When I joined Fotango, I asked my new overlords if I could get a Mac laptop as my work machine. Being good masters, or as part of their open source slave programme - the distinction isn't clear, they equipped me with a shiny powerbook (and after some supplier issues a working one.)

The upshot of this is that for the last couple of months I've been migrating into it, and embracing stuff like iCal and Rendezvous.

Here's a run-down of the kool-aid I've supped to date.


I've always treated the system shipped perl with great suspicion, mostly because it's often old, the modules I want aren't packaged for it, and if I manually install/upgrade modules they get trampled by system upgrades. As a result I generally install my own into /usr/local/perl5.xx and tend that while letting the system take care of itself.

Well with the laptop I went with fink, because compiling binary modules against fink-managed libraries has bit me before, the system perl is a 5.8.1-era thingie (a late 5.8.1 RC at least) so new enough, and it's easy enough to write package descriptions so the modules I want can be made available as packages.

It's going well so far, I got a talk out of it, and more package descriptions than you'd normally shake a stick at (caveat: I rarely shake sticks, which may skew the sample).


Actually, I drank of the iTunes kool-aid with the release of the Windows version, but I have imported all my albums into the new machine. With X-Tunes it's a dream.

New to the mix is a 15Gb iPod. Given that no new technology acquisition goes unpuninshed I ran into a typical iPod problem - my music collection is bigger than it is.

iTunes has smart playlists, so I can say 'give me 15Gb of music', but the drawback is that I can say 'of albums' or 'of songs', and 'randomly', but that either gets me the first 15Gb of albums every time, or incomplete albums.

The solution of course was to write a script that uses File::Find::Rule and Mac::Glue to populate a playlist with 15Gb of randomly selected albums. Because that's a bit slow it also uses Term::StatusBar so you can see how far through you are.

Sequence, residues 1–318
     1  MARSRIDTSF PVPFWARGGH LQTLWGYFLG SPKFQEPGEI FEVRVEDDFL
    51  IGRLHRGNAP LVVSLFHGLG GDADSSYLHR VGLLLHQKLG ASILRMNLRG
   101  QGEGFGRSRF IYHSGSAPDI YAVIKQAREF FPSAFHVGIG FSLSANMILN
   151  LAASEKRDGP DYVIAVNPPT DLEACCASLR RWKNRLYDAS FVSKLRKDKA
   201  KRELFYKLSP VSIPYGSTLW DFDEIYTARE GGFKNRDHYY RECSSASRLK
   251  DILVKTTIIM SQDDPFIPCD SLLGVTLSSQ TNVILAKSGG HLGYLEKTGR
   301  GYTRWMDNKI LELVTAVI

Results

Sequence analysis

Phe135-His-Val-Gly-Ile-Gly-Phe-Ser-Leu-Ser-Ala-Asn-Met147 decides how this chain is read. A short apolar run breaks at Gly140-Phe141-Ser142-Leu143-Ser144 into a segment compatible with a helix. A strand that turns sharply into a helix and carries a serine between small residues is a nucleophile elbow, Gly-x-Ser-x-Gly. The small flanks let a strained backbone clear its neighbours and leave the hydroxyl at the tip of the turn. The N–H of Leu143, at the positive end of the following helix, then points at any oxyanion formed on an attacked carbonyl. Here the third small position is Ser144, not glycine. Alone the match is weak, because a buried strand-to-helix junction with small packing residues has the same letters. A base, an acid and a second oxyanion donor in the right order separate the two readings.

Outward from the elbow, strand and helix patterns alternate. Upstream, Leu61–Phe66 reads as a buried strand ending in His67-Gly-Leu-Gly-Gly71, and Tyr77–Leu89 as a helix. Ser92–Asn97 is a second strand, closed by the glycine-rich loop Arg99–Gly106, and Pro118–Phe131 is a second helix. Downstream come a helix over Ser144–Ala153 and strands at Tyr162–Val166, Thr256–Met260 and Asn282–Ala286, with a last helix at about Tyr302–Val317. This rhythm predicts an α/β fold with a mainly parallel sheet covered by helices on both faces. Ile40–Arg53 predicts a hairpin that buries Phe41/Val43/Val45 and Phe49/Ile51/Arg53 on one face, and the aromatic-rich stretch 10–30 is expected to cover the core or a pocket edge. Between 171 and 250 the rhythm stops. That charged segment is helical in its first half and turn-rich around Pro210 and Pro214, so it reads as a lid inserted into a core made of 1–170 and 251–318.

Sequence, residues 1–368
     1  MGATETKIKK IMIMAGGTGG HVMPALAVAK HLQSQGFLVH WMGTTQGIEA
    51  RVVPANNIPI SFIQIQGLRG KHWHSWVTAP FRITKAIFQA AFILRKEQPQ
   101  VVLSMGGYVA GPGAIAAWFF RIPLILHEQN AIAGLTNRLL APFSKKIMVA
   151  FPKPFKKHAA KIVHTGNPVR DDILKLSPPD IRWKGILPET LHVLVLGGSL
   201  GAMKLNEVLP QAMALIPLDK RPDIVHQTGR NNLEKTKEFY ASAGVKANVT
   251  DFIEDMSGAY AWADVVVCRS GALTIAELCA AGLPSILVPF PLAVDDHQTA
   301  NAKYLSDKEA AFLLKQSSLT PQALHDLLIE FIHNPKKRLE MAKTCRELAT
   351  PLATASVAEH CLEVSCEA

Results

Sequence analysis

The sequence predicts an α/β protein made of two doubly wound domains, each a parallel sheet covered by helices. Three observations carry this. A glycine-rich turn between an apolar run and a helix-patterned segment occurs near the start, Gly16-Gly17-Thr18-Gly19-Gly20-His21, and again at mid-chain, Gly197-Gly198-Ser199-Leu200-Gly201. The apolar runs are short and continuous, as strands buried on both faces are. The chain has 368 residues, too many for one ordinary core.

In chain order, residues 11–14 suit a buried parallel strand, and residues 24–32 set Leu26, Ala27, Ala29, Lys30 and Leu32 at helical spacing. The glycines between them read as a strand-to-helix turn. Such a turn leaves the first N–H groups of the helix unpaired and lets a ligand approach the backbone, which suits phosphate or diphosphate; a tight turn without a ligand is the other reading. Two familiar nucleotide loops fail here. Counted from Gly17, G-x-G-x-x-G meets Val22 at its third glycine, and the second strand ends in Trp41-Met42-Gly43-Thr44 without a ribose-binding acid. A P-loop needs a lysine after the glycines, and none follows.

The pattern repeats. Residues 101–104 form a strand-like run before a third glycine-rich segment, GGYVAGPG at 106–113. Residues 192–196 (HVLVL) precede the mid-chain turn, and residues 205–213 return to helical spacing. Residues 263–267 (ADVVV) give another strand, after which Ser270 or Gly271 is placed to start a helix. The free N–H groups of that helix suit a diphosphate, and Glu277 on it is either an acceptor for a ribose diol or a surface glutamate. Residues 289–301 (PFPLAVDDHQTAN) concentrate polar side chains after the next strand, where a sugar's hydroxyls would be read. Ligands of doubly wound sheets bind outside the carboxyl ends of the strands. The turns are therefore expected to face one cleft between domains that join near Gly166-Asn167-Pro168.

I read a lot of email. OK, I skim a lot of email. I used to deal with all of it using mutt on penfold, and then I switched to using Mail.app's imap mode.

That was all good, apart from Mail.app's mail filtering rules don't want to filter into imap hosted folders. That's not so much of a problem for my on penfold because everything goes through procmail and Perl in a long-tended configuration (scripts and .procmailrc in the usual places.) At the office however, the imap server is a magic multi-domain virtual-user setup, so running procmail just isn't an option.

imapfilter to the rescue! Though it's got a slightly quirky configuration file (and what doesn't), I managed to bend it to my will and now everything is all well and filtered in the office too.


Or is that Zeroconf? Or should that be mDNS? Or is that just a part of the zeroconf standard? I've a dread feeling that I'll have to put together another list like I did for the vCalendar debacle.

Anyway, it's really cool to watch things show up in Rendezvous Browser, especially if you're using modules you wrote to do it. More services should advertise themselves.

While I was busy debugging Net::ZeroConf::Backend::Howl George Chlipapa released Net::Rendezvous, which I must install and play with at some point, as it could well completely obsolete my 3 dists before I even got round to releasing them.


Apart from the adventure of parsing ics, it's been really rather painless.

On my todo list is to set up a private DAV share on unixbeard.net so that we can put household events like "I'm going to FOSDEM, feed the fish" in it, as we still seem not to have bought a paper 2004 calendar for the kitchen.

Friday 20th February, 2003

Fun with Calendars

A couple of months ago, that pesky Paul Mison (if I get to be the "wily" Richard Clamp for Pod::Coverage I reserve the right to hand out one pesky to someone) planted an idea in my head, which lead me through something of a world of hurt...

First I'll tell you what the idea is, and you can tell me what the pain was.


 It would be cool to turn a page on our intranet into ics so we can